It doesn't help that the due diligence comes after a sale has been agreed. In other words, the first thing you do is agree the price, and then you look into what you're actually buying.
If anything unexpected comes up, you're free to withdraw. And because people are free to withdraw, they'll pull out for any reason at all - even if they simply change their mind.
1.2. Why do sellers pull out of house sales?
Even after they have accepted an offer, the seller is still legally allowed to pull out of the sale of their property. It is their home and they do not have to sell it if they don’t want to.
Sellers may change their mind for many different reasons, including:
- Gazumping. Sellers may receive a better offer from another buyer. This is known as gazumping, and while it may not be ethical to accept a higher offer after they have already accepted one, it is not illegal. They have the right to get the best possible price for their property.
- Gazundering. If the buyer tries to reduce their offer at the last minute to force a better deal, the seller may pull out of the transaction altogether.
- Survey problems. The buyer may not be willing to come down in price or make repairs to their property in response to a poor survey and decide to call off the sale instead.
- Change of circumstances. As with buyers, a wide variety of personal issues can make a seller change their mind about selling.
- Chain issues. If the seller’s own house purchase falls through, then they may no longer be able to move and so cannot sell their existing home.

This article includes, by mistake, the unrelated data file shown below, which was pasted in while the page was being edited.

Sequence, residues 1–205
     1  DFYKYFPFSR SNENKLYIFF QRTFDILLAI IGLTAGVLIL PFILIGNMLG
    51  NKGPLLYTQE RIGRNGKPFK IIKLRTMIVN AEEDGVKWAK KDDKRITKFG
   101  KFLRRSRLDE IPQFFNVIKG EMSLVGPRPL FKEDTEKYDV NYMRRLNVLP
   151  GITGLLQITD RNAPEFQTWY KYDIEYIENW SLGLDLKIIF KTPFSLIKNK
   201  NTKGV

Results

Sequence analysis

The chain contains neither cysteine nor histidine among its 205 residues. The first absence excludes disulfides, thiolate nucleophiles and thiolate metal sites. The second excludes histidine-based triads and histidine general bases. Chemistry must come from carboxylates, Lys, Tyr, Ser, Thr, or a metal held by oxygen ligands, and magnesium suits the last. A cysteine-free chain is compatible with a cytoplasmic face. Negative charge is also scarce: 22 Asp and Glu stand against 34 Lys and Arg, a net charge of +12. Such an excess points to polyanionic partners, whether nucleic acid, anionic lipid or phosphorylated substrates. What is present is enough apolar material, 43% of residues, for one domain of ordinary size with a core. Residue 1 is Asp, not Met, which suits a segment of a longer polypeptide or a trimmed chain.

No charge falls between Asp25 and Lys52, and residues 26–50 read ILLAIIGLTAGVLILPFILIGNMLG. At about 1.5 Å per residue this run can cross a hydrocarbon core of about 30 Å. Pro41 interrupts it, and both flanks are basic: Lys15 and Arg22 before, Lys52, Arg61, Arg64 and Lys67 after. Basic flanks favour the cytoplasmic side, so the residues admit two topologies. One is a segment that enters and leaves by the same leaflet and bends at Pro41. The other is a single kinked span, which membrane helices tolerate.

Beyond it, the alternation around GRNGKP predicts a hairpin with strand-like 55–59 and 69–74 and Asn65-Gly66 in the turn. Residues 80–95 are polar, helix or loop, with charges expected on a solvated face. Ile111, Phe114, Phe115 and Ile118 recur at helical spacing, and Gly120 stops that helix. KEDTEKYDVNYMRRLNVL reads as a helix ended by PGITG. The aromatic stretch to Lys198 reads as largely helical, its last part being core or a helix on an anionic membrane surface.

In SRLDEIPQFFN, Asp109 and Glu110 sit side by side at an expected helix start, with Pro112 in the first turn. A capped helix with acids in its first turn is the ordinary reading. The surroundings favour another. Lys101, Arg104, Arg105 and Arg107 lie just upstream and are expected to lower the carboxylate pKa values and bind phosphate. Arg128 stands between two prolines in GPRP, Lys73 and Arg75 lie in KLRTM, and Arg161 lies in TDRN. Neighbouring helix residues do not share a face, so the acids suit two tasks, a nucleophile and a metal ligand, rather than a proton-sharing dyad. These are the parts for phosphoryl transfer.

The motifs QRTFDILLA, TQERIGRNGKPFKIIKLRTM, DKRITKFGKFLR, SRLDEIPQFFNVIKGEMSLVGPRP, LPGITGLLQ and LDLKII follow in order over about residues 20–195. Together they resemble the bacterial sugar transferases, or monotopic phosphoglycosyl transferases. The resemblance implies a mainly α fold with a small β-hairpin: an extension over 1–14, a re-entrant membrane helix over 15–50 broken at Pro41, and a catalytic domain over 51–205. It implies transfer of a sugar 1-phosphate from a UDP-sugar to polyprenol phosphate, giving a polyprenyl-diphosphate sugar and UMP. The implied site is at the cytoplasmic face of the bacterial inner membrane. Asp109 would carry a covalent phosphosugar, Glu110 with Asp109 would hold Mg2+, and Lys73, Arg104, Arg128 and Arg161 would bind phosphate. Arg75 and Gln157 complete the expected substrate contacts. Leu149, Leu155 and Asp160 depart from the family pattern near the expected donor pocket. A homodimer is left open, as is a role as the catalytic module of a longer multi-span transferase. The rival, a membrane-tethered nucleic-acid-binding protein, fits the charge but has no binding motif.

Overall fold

- Tired of waiting. If a property sale is taking too long, the seller may pull out in order to find a better buyer who can move sooner. According to Which? this happens in around 13% of cases.
2. How to save your property sale after a fall-through
In many cases, a failed property sale is irretrievable. If the buyer has found a better property, or the seller has received a better offer, then the sale will fail.
Unfortunately, the people this tends to hit the hardest are home sellers who have an onward purchase. If a seller loses their buyer, they won't be able to buy the property they've got their hearts set on.
Fortunately, there is a solution. It just comes at a bit of a cost.
2.1. Selling to a cash house buying company
If your property sale has fallen through but you really need to get a deal done, then you could consider selling your home fast to a cash house buying company.
You may not get as much as you would on the open market, but the price will be guaranteed and the sale will be swift. It may be worth considering this option if it means you still get to buy your dream home.
Home buying services can also be useful if the seller is looking to pull out because the process is taking too long. With house buying company, you can get an offer in just 24 hours and a sale in as little as two weeks.
The downside is the price you'll achieve. You should expect to sell for around 85% of your previous sale price. (Although the company will cover all your fees, and you won't have an estate agent to pay).
It can make sense for some sellers, and you may be able to spread the reduced price across other parties in the chain. They'll also be keen to avoid the chain collapsing, so may be willing to take a reduced price to hold everything together.
Read more about it here:
Recommended: What's the fastest way to sell your house?
By Matthew Cooper, Founder of Home Selling Expert